Hawaii: Days 11 and 12

It’s Aloha Friday, the day of the week when many Hawaiian businesspeople wear aloha clothing instead of suits or businesswear. To wit:

Aloha Friday actually came from Hawaii’s clothing industry. In the 1940s businessmen always wore a suit and tie. In 1946 the City and County of Honolulu allowed their employees to wear sports shirts during the hottest summer months. The Hawaiian Fashion industry realized they would benefit if residents wore Hawaiian made clothing. They encouraged companies to allow employees to wear aloha gear to work on Fridays. In 1966 the Bank of Hawaii allowed Aloha attire on Fridays. The tradition began when Maui’s Wilson P. Cannon, Jr., who was president of the Bank of Hawaii, started wearing aloha shirts to the office. Soon after this Aloha Fridays were official. By 1970 it was common for aloha wear to be worn on any day of the week. Aloha Friday was referred to as the last day of the work week. Today, aloha shirts are everyday business wear. Knowing that it is Aloha Friday gives people in Hawaii a head start on the weekend and helps them look forward to time with ‘ohana.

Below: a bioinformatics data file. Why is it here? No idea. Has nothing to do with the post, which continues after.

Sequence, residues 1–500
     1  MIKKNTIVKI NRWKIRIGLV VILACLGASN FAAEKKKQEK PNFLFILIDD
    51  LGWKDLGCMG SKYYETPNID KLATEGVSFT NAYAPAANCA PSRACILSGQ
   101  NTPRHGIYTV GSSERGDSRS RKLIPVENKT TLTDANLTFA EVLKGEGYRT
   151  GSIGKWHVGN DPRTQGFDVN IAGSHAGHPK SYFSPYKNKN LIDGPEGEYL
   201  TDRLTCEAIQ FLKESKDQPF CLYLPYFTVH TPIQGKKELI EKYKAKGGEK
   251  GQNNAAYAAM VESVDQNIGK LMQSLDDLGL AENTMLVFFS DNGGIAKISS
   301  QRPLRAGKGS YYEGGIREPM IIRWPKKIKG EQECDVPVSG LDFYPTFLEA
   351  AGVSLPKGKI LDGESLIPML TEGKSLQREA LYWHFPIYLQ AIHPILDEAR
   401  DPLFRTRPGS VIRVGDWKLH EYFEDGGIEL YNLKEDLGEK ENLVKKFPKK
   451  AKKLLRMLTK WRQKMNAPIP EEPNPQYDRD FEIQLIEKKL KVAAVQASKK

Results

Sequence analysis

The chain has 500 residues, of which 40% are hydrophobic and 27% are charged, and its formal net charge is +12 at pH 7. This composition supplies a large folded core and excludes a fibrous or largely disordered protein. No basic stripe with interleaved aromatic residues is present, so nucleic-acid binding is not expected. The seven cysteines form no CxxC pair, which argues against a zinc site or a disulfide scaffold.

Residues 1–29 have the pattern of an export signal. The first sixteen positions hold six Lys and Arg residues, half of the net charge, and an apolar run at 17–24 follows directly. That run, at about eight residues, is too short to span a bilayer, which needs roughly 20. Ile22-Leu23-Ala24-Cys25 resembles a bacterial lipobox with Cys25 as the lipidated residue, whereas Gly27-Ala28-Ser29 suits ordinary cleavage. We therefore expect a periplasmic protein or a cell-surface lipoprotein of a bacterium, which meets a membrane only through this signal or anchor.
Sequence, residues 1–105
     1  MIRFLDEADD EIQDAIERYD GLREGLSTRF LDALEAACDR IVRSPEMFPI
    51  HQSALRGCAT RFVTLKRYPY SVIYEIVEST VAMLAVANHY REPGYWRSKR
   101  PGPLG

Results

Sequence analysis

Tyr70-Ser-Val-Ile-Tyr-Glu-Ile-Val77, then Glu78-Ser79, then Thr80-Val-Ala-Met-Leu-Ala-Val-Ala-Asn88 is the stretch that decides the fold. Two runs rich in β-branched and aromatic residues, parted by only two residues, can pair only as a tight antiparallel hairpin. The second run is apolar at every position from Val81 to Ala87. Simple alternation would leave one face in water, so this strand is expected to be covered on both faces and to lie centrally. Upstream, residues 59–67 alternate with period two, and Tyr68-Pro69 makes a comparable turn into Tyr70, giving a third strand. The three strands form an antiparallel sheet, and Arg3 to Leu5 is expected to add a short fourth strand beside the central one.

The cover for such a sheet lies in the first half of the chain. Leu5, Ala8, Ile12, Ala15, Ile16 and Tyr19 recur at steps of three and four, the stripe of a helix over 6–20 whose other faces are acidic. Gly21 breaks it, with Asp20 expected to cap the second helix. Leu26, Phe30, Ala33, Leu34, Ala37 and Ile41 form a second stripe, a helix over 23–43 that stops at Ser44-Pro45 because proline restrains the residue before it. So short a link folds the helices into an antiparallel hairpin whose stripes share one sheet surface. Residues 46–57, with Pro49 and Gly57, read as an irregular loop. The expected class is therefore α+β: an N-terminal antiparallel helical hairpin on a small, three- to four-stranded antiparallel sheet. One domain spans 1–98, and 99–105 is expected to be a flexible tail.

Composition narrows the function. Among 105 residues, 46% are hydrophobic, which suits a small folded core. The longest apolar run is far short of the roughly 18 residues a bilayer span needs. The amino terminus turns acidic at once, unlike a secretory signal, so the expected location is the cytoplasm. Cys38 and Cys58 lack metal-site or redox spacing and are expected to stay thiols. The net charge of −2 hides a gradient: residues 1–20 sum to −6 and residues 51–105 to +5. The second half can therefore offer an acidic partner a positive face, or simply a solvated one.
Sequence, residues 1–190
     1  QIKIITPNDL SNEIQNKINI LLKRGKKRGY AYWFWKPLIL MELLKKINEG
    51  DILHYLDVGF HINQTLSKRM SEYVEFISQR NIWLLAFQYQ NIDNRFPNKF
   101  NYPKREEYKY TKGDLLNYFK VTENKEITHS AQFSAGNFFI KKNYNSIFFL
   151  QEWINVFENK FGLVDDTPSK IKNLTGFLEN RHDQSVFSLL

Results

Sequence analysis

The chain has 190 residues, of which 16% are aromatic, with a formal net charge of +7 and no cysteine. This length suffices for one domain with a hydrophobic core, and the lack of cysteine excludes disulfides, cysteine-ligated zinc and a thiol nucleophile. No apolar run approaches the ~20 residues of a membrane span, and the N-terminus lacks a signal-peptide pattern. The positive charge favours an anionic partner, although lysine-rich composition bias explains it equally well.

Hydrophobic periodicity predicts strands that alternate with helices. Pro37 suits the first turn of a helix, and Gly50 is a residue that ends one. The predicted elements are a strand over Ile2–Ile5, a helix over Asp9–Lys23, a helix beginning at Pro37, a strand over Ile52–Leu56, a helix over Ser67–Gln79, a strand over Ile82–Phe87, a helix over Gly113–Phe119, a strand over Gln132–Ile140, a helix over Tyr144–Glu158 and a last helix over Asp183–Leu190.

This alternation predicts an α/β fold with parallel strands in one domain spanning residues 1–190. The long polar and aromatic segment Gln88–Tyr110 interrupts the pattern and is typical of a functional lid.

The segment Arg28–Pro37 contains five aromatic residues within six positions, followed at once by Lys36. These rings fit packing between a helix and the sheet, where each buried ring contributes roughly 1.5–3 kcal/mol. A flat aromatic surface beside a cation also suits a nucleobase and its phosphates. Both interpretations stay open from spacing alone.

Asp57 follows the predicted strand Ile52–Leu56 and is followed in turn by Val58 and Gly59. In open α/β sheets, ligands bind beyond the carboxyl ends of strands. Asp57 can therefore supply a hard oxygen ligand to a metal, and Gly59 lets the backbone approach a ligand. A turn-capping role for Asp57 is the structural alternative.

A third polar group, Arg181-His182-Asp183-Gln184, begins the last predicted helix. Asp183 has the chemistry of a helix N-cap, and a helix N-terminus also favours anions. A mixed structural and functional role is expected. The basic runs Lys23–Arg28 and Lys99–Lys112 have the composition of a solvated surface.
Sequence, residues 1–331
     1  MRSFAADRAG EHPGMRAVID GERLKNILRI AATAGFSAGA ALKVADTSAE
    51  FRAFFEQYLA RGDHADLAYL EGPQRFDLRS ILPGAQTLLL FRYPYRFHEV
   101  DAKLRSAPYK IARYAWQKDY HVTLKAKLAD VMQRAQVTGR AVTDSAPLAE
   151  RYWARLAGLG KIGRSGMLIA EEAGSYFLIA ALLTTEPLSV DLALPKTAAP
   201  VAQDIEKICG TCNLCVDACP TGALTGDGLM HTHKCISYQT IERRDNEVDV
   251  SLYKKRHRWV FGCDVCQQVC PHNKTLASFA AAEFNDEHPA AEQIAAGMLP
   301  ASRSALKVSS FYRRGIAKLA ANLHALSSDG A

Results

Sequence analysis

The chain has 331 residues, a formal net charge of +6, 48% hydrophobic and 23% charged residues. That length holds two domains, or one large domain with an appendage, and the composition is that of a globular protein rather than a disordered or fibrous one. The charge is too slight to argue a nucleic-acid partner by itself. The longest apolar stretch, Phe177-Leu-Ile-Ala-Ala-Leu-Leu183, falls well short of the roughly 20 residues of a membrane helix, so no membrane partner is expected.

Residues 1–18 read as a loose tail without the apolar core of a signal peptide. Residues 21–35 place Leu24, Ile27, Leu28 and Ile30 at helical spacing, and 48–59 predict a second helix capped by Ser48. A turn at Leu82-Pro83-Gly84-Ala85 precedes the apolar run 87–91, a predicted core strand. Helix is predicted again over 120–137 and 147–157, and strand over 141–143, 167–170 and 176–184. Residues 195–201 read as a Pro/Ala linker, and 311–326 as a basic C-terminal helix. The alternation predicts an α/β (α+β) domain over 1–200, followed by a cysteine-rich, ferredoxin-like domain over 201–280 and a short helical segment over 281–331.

I’m preparing for a week on the Big Island, which will involve traveling, sightseeing (Volcanoes National Park) and, I hope, a lot of snorkeling. Posting will be light for about 9 days until I return to Chicago. In the meantime, having scoped out many of the sights on Oahu, it’s time to relax, eat, and see a few “clean-up” sights.

One of these is Halona Blowhole and Beach. The blowhole is famous for being dangerous: it can be violent, emitting a vigorous gush of air and water, and the area, full of slippery rocks inundated by big waves, has done in many hapless tourists. There are plenty of warning signs, and the rocks are fenced off, but tourists manage to get down to the blowhole anyway—not a good thing to do. I believe at least one tourist a year is swept away by the pounding waves at this site. (Overall, about one tourist a week is killed in Hawaii.)

In 2011, for instance, a foolhardy California teen actually straddled the blowhole. The result was predictable: the teen was blown high into the air, dumped in the ocean, and then washed away to his death.

I watched from above, but you can see how foolish these tourists can be. In this one, a woman stands right by the blowhole (which you can see blowing on the left about 4 seconds in), with big waves pounding the rocks nearby. Thanks to the grace of Ceiling Cat, she survived.